Again, there’s absolutely nothing wrong with having a World of Warcraft. I enthusiastically support the creation of games like WoW that try to make everything highly accessible to as many core gamers as possible. My argument is that when most developers copy the design rules that led to WoW or other perceived hits, the industry suffers over the long term from a lack of the diversity in product offerings that keep existing customers interested and attract new customers.

For that reason, there’s not a specific set of design rules I can offer, which even if adopted would just become in their turn the next dogma.

That said, I personally happen to think that some of the best games ever made had Warren Spector’s name on them -- Ultima Underworld, System Shock, Deus Ex. These were games with plenty of action, but the action existed within a generally plausible emotional and intellectual context, and it wasn’t the only way to solve problems. Without becoming excessively hardcore, these games never condescended to players. I would venture to guess that no one playing a Looking Glass game ever felt that the developers regarded them as just one of a bland mass of consumers for whom gameplay needed to be “streamlined” down to a few button mashes driving overpowered characters to race around hyper-emoting on the player’s behalf.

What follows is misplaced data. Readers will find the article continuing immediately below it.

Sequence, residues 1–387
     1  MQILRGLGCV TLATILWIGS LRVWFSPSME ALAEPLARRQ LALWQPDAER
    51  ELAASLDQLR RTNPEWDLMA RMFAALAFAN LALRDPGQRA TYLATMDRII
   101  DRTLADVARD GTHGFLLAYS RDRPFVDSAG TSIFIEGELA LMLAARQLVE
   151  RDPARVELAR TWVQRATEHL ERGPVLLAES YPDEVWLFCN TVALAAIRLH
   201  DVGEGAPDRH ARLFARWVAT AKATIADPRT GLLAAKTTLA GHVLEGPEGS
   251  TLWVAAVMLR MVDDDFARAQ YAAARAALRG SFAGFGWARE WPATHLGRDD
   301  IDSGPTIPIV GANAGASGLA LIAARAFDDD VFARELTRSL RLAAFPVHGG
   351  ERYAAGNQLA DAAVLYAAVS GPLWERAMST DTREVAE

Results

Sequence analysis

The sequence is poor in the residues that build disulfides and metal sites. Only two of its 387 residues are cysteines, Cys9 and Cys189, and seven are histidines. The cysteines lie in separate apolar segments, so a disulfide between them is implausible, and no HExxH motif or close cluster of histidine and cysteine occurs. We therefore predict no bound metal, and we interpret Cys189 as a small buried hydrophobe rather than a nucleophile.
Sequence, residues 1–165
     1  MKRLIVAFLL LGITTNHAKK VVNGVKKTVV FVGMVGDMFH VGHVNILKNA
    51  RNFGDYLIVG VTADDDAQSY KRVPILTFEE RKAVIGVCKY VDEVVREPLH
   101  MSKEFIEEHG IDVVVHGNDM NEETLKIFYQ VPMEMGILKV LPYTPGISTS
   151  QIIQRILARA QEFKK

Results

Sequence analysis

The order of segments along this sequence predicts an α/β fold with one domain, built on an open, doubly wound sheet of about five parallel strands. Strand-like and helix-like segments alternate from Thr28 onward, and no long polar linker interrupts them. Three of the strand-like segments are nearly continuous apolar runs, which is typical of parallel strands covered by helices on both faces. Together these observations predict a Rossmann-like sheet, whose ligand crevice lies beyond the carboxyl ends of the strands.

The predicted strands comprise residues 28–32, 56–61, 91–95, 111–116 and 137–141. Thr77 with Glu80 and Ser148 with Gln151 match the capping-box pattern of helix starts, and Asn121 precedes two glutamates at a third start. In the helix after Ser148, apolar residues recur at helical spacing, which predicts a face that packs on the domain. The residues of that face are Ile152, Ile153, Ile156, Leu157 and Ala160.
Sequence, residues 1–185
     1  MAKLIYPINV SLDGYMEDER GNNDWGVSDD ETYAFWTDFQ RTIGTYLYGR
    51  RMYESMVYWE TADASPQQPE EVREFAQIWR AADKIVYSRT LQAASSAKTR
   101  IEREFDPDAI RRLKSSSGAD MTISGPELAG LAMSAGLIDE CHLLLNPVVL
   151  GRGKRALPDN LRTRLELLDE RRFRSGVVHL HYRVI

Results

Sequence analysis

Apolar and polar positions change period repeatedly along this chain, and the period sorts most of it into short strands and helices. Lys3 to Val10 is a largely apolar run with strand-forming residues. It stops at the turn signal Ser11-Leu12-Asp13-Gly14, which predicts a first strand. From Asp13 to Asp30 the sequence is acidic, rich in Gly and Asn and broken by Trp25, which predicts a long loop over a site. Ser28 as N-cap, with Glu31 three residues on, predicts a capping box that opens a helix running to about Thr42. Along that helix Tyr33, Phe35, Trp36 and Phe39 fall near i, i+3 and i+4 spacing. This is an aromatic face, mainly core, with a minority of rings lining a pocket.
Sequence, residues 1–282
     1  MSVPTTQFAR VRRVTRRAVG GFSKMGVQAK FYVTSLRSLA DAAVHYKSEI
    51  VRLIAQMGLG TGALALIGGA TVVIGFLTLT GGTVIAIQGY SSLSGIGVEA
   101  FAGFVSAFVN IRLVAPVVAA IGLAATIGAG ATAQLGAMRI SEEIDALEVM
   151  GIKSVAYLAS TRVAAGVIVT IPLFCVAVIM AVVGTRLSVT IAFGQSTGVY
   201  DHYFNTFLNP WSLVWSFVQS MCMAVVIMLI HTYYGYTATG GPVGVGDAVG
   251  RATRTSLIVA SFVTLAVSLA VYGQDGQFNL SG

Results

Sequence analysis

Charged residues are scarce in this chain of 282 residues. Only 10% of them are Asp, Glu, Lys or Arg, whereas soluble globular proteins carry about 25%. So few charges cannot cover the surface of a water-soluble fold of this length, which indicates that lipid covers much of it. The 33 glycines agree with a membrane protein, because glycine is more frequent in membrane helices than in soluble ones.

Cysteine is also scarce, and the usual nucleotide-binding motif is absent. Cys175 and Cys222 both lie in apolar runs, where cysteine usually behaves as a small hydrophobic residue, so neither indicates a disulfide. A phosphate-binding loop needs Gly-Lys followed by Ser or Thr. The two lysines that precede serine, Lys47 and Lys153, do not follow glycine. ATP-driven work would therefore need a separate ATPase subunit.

I also generally enjoy games from Bethesda and BioWare. Oblivion and Fallout 3 demonstrate that although running on a console requires simplifying the possibilities for action down to a very short palette of options, it’s still possible to create immersive worlds. And while Mass Effect 2 and Dragon Age: Origins both overconstrain the player’s expressive ability compared to previous BioWare games like Baldur’s Gate, (again, due to the limits of console controllers vs. mouse & keyboard), both are at least “big” games in the sense that the action occurs within large, dynamic, and plausible worlds.